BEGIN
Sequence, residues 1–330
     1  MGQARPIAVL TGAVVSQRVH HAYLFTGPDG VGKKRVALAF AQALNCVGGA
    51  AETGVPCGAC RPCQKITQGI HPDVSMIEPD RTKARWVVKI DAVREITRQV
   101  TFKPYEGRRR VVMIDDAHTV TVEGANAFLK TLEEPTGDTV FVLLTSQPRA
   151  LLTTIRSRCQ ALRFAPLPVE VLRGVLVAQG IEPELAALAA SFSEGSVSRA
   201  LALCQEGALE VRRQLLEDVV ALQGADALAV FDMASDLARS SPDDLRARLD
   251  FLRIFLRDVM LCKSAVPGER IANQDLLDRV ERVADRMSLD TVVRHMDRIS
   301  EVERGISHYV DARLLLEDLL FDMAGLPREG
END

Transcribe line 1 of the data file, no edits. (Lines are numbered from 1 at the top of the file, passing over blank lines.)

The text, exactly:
Sequence, residues 1–330